I, myself, would take in and adopt any number of babies because I actually want children and can’t have them. I just find it interesting that men, and I’m not saying any of you would or have done this, can participate in the merrymaking and walk off like nothing ever happened. You can just disappear without a trace, never having to take responsibility unless you want to.
There are myriad reasons why women get pregnant in spite of trying any number of ways not to. But women are supposed to just keep their legs closed unless they can afford the consequences, eh?
LikeLiked by 2 people
@ Ruth, “You can just disappear without a trace, never having to take responsibility unless you want to.”
I totally see where you are coming from Ruth. And I’m certainly glad I included this in my comments. 🙂 “AND I think it is BOTH the woman and man’s responsibility and goal to NOT bring an unwanted life into this world. No, it cannot be achieved 100% but it should be the goal.”
LikeLiked by 2 people
@kcchief1, I appreciate that you, nor likely anyone else who has commented on this would do that. From what I have read of all of you, you take/took responsibility and face/d life together with the woman who is the mother of your children, whether you are still together or not. It cannot be overstated that not all men are as responsible. The mother of your children is obviously not facing the same hurdles or complexities as a woman who is likely seeking an abortion.
I, personally, think the goal should always be less or no abortion and more family planning and birth control options. But that little pill isn’t the be-all-end-all, either. It carries a whole host of other health concerns. Long term use increases cancer risk, the risk of blood clots, and other long-term health issues. Long term use also can lead to infertility, meaning never having children at all just because you didn’t want to for a while. It’s not so black and white as it may seem.
“Arch, did your wife want to get pregnant? Is that why she didn’t fulfill her responsibility and take her little pill every day?”
The reasons were at least twofold:
1) She felt that a new baby was a good way to hang on to me.
2) She had a psychological quirk (one of many) – after a baby reached two, it was no longer as cute as it was, so it was time to have another and turn the older ones over to me.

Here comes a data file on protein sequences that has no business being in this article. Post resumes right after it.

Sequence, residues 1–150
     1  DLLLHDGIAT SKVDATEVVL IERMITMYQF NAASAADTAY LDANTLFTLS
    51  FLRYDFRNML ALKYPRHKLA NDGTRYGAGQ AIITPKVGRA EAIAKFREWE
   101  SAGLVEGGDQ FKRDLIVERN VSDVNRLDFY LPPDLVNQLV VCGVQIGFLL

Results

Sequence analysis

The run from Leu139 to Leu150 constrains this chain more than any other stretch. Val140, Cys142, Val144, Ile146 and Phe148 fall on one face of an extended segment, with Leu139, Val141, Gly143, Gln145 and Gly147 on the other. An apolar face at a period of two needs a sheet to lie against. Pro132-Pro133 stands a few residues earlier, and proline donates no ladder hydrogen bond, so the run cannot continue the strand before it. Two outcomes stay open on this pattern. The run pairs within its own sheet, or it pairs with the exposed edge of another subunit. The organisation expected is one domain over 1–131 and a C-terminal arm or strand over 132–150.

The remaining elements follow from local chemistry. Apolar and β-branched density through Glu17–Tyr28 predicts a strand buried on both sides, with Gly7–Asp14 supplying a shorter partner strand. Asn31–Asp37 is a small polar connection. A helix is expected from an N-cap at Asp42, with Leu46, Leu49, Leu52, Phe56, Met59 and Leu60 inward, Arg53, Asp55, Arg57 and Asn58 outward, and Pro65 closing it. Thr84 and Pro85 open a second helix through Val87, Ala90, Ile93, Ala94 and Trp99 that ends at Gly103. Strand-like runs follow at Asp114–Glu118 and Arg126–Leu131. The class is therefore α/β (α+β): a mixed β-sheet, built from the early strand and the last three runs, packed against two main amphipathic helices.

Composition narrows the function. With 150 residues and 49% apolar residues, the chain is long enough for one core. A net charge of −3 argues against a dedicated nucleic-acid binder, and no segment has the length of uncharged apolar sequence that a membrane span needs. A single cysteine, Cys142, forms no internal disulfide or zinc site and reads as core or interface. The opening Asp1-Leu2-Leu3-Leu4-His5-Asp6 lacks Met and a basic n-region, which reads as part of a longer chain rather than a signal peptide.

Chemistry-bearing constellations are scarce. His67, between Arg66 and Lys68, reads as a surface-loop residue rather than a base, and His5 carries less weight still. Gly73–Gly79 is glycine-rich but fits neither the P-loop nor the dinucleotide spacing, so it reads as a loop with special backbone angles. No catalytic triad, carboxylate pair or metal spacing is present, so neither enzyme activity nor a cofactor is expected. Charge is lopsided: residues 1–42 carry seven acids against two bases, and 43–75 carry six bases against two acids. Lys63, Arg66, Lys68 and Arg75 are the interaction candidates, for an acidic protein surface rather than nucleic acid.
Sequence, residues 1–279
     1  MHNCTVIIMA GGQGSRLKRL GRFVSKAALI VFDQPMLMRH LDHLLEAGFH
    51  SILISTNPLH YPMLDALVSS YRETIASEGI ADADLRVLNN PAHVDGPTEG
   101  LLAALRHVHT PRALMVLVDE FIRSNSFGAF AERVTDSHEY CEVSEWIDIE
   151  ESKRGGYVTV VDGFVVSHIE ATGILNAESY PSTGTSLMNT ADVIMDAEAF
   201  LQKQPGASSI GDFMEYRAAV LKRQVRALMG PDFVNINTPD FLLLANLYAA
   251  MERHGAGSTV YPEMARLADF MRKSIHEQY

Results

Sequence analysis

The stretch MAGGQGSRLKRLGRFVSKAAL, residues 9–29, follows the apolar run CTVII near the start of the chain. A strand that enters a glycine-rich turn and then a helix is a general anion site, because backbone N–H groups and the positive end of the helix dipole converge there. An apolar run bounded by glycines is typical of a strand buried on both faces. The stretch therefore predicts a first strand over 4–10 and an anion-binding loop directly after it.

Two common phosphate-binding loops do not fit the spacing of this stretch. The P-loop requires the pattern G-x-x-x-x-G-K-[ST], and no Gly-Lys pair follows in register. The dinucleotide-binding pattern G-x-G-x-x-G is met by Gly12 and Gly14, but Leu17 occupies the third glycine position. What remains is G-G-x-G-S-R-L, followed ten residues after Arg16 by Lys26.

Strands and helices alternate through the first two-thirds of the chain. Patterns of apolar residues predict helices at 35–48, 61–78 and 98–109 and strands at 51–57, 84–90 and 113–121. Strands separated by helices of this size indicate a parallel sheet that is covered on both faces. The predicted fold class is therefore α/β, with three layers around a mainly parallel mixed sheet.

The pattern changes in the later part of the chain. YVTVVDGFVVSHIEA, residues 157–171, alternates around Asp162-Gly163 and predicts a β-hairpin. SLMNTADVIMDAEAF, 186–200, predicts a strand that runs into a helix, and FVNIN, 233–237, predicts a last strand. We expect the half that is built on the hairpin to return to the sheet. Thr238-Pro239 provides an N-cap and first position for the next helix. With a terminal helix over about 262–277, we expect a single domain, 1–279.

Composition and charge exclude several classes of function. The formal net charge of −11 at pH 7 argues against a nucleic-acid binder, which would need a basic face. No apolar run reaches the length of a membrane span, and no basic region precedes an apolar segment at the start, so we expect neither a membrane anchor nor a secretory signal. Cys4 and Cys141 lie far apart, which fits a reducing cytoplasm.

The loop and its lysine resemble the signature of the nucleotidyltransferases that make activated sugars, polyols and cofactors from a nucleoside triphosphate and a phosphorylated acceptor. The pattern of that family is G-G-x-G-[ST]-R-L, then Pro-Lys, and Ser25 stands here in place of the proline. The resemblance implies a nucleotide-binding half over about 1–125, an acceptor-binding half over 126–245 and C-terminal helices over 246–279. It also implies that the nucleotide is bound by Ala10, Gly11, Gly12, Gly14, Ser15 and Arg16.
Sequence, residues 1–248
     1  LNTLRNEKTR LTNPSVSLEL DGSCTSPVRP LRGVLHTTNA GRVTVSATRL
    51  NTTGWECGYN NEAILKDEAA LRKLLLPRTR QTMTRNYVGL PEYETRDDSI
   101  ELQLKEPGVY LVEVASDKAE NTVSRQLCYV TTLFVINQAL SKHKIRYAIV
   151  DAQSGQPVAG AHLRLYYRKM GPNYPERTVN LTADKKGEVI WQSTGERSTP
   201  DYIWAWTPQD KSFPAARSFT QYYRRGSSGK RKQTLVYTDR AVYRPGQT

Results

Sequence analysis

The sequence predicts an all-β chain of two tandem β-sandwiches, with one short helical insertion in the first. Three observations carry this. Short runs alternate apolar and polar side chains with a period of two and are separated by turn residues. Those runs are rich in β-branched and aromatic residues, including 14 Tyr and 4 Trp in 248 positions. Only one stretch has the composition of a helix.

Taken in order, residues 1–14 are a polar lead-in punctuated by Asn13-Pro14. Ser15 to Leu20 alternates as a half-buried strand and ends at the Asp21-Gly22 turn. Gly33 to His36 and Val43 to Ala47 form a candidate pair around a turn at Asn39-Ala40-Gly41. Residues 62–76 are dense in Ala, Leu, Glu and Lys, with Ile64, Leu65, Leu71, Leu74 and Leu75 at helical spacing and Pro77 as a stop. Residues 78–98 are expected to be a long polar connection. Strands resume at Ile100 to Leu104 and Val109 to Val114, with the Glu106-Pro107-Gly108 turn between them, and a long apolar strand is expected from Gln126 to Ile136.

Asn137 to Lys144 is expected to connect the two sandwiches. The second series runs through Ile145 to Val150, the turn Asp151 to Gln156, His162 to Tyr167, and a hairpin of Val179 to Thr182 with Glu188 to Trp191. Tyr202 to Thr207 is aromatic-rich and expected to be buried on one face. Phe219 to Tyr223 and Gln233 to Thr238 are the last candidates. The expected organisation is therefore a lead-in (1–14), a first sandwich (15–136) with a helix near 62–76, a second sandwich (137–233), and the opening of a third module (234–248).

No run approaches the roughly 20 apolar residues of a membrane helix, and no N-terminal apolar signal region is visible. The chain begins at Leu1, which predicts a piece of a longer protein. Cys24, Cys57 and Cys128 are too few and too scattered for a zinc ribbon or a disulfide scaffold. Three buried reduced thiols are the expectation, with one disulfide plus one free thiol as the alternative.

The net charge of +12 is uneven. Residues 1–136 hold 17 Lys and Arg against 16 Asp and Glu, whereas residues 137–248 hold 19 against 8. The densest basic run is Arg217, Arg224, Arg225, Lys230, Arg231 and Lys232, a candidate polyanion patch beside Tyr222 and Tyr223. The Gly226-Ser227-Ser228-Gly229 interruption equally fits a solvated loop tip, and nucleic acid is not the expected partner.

After our four, she had two more by different men, after we broke up, and this didn’t count the one she had before we got together.
LikeLiked by 1 person
“1) She felt that a new baby was a good way to hang on to me.”
Wow ! She was more dissfunctional than I imagined ! 🙂
I guess I am as bad since I butchered “dysfunctional” 🙂
I sent Nathan the link to this story yesterday because it was both interesting, sad, and something we’ve discussed before that has been difficult for me to reach a clear conclusion on. Like Arch, I get really fired up when it comes to kids and religion. I think I’m more against it than Nathan. But when arguments are made about what would happen if we were forced to do the opposite of what we believe…well, it’s hard. Not because I think in anyway that my position isn’t the best one, only because I don’t want anyone else (like a government) telling me that my kids have to attend/believe/learn religious dogma as facts.
I never saw the story about parents withholding medical care turning into an abortion conversation. But I guess I can see the bridge. Growing up I never I thought I would ever say that I’m both pro-life and pro-choice. But that’s really where I sit now. And I view it as a pretty moderate one. I don’t know that I could ever have an abortion, but then I’ve never been in a situation in which I needed to make that decision. I can sympathize, but not empathize, with the millions of women who have been there.
Quickly, the biggest points that I thought of when reading through the comments:
1. Like KC said, reproductive biology is a responsibility of both men and women. Though I think often times it’s said that way, but not fully believed. Where I live, when a young girl/woman gets pregnant accidentally/single status, etc. the female really carries the majority of the shame, guilt, and consequences. Maybe not all, but definitely most. “Boys will be boys and all that, but girls are, well, what a shame…”
2. I feel pretty confident in saying that having a child affects both partners in a relationship. I just feel it affects the female more and I have evidence for that. Not only have I given birth to three of my own, but I work as an RN in labor & delivery and teach childbirth classes. Pregnancy, even uncomplicated ones, can be difficult. There are years of lasting effects on all systems in the body. Our thyroids and metabolisms are changed with each; osteoporosis is more of a problem in women, especially those with multiple pregnancies. There’s the usual physical changes regarding stretch marks, weight changes, stretching of tissues, ligaments, etc. Bladder and bowel incontinence, hemorrhoids, acid reflux, and so on. Every woman’s experience is different.